Time for Congress to Stop Hollering at CEOs and Take Action

Last week, Congress engaged in a bipartisan barrage of CEO bashing.
The Senate Banking Committee assailed Wells Fargo CEO John Stumpf for pushing employees to create as many as two million bogus bank and credit card accounts without customer’s consent – making customers pay overdraft and late fees on accounts they never knew they had.  Read more.

Bruce Springsteen Calls Donald Trump a 'Moron'

Bruce Springsteen spent the summer playing stadiums with the E Street Band and preparing to release his autobiography, Born To Run, while largely staying clear of this year's presidential campaigns. In an excerpt from an extensive interview that will appear in the next issue of Rolling Stone, Springsteen shares his thoughts on Donald Trump and Hillary Clinton, while addressing his own absence from the trail.  Read more.

Obama vetoes bill allowing families of victims of the Sept. 11 attacks to sue Saudi Arabia

President Barack Obama on Friday vetoed legislation allowing families of victims of the Sept. 11 attacks to sue Saudi Arabia, which could prompt Congress to overturn his decision with a rare veto override, the first of his presidency.

Obama said the Justice Against Sponsors of Terrorism Act would hurt U.S. national security and harm important alliances...read more.

Trump’s Agenda: A Recipe for Civil Unrest

Donald Trump finally got around to demonizing African Americans. The only surprise is how long he took to get there. Early in the campaign season, he raged about Muslims and demanded they be barred from entering the country. He labeled Mexican immigrants “rapists.” He has insisted that a wall, built by the United States, paid for by Mexico, must rise along the southern border. But he held off on making broad, baseless generalizations about black people.  Read more.

Brazil's new president, Michel Temer, says Dilma Rousseff was impeached for refusing his economic agenda

Brazilian president Michel Temer let an open secret become explicitly clear during a speech to business and foreign policy leaders yesterday in New York. The country’s elected and now-removed President, Dilma Rousseff, was impeached because of her position on economic policy, rather than any alleged wrongdoing on her part, her installed successor admitted. Temer’s stunning, and seemingly unscripted, acknowledgement will surely bolster the view of impeachment opponents that Dilma’s removal was a “parliamentary coup d’etat.”  Read more.

Over 1,200 Historians, Archaeologists, Museum Directors Denounce DAPL

Standing with the Standing Rock Sioux, over 1,200 museum directors, archaeologists, anthropologists, and historians—people "familiar with the long history of desecration of Indigenous People's artifacts and remains worldwide"—have written to the Obama administration to denounce "further irreparable losses" that would accompany completion of the controversial Dakota Access Pipeline.  Read more.

US to provide more weapons to Saudia Arabia for slaughter in Yemen and elsewhere

The U.S. Senate on Wednesday voted overwhelmingly to dismiss a bipartisan bill that would have blocked a massive $1.15 billion weapons shipment to Saudi Arabia, to the dismay of peace groups and rights advocates who have called on the U.S. to end its support for the brutal Saudi bombing campaign in Yemen.  Read more.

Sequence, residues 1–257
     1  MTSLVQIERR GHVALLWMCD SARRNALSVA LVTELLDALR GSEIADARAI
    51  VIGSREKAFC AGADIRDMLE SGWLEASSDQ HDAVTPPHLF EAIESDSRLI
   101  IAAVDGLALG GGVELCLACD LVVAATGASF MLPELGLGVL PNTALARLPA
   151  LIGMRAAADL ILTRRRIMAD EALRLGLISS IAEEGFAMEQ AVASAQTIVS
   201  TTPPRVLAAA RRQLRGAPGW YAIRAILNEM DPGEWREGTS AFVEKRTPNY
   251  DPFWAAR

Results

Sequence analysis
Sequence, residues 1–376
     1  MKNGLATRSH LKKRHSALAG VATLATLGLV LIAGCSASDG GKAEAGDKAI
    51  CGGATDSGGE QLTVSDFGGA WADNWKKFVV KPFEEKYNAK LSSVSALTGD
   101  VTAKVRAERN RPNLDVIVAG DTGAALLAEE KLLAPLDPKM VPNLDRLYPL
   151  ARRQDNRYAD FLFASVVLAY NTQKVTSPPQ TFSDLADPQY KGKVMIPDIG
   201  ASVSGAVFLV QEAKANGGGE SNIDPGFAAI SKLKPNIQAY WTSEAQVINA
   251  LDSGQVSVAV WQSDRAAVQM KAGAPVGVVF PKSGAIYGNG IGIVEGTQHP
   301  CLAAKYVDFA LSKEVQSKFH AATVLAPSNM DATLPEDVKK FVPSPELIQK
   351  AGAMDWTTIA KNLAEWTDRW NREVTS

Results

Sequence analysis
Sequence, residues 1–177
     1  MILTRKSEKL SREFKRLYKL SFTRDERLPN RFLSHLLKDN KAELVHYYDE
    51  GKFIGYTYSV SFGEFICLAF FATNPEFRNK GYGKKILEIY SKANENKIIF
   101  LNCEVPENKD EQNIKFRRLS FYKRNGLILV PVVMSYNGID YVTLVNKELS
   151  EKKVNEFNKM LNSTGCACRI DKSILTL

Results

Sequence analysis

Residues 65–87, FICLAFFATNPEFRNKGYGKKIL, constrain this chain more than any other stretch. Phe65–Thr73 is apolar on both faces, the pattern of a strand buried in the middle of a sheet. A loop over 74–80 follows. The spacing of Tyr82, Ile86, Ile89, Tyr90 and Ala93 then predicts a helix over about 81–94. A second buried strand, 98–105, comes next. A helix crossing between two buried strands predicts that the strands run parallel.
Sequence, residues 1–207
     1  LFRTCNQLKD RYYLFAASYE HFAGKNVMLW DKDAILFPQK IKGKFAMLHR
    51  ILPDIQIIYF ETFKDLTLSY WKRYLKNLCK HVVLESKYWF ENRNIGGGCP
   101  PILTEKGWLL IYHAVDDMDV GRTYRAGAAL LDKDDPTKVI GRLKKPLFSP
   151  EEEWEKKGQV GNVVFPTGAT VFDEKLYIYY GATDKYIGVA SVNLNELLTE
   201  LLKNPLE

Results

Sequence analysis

Pesticide companies should "come clean" on mass killing of bees

Agrochemical giants Syngenta and Bayer discovered in their own tests that their pesticides caused severe harm to bees, according to unpublished documents obtained through a Freedom of Information Act (FOIA) request by the environmental group Greenpeace.
The companies conducted the trials on products that used the controversial pesticides known as neonicotinoids, or neonic...read more.

Pesticide companies should "come clean" on mass killing of bees

Agrochemical giants Syngenta and Bayer discovered in their own tests that their pesticides caused severe harm to bees, according to unpublished documents obtained through a Freedom of Information Act (FOIA) request by the environmental group Greenpeace.
The companies conducted the trials on products that used the controversial pesticides known as neonicotinoids, or neonic...read more.

Charlotte faces aftermath of protests ignited by fatal police shooting; 16 officers injured

Charlotte officials say they are preparing for more protests today following a night of violence over an officer-involved fatal shooting of an African-American man Tuesday in the University City area. The dead man was identified as Keith Lamont Scott, 43.
Sixteen police officers were injured Tuesday night in a series of clashes, and there were reports early Wednesday of motorists on Interstate 85 being hurt and their vehicles damaged when protesters threw rocks, bottles and traffic cones off interstate overpasses onto traffic below. Read more here.

Terence Crutcher: Civil Rights Groups Demand Justice for Unarmed Black Man Shot and Killed by Tulsa Police

Civil rights groups and family members of Terence Crutcher, an unarmed black man who was shot and killed by police in Tulsa, Oklahoma on Friday, are demanding justice for the slain father of four.
Dashboard and helicopter footage released late Monday shows Crutcher with his hands in the air as four police officers approach him, guns drawn and pointed at him, in the moments before he was shot.  Read more.

What Amy Goodman’s Arrest Warrant Means for the Dakota Access Pipeline and Free Speech

They call themselves water protectors, land defenders. Their numbers are major; they are record; they are inspiring. At its peak, the population at the occupation’s North Dakota base, known as Sacred Stone camp, is said to have reached 3,500, including members of nearly 300 tribes and Native nations that have joined forces with the Standing Rock Sioux, whose tribal lands are most immediately imperiled by the pipeline, as well as environmental activists and other sympathizers.  Read more.

Washington Post Calls for Prosecution of Edward Snoden